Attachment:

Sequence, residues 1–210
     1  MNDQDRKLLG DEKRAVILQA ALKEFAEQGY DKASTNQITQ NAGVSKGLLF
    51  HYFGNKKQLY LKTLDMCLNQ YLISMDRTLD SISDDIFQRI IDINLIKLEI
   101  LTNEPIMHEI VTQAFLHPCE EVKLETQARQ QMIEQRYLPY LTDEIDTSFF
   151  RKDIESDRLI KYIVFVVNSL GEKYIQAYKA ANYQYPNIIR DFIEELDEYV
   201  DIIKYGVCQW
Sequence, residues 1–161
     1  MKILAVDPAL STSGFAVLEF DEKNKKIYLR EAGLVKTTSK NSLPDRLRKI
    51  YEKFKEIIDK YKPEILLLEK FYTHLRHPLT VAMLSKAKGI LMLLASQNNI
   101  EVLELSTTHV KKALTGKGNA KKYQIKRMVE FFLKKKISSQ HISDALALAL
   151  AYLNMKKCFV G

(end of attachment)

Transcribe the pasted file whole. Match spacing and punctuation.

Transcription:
Sequence, residues 1–210
     1  MNDQDRKLLG DEKRAVILQA ALKEFAEQGY DKASTNQITQ NAGVSKGLLF
    51  HYFGNKKQLY LKTLDMCLNQ YLISMDRTLD SISDDIFQRI IDINLIKLEI
   101  LTNEPIMHEI VTQAFLHPCE EVKLETQARQ QMIEQRYLPY LTDEIDTSFF
   151  RKDIESDRLI KYIVFVVNSL GEKYIQAYKA ANYQYPNIIR DFIEELDEYV
   201  DIIKYGVCQW
Sequence, residues 1–161
     1  MKILAVDPAL STSGFAVLEF DEKNKKIYLR EAGLVKTTSK NSLPDRLRKI
    51  YEKFKEIIDK YKPEILLLEK FYTHLRHPLT VAMLSKAKGI LMLLASQNNI
   101  EVLELSTTHV KKALTGKGNA KKYQIKRMVE FFLKKKISSQ HISDALALAL
   151  AYLNMKKCFV G